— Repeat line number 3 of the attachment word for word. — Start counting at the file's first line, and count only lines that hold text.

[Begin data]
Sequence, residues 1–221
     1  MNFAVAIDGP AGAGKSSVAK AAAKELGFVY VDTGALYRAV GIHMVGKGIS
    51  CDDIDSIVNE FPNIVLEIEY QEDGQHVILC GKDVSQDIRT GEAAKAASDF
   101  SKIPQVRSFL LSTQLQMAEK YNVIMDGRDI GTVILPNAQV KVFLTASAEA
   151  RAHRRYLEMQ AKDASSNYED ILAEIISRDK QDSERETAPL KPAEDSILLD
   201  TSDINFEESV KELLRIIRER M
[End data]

    51  CDDIDSIVNE FPNIVLEIEY QEDGQHVILC GKDVSQDIRT GEAAKAASDF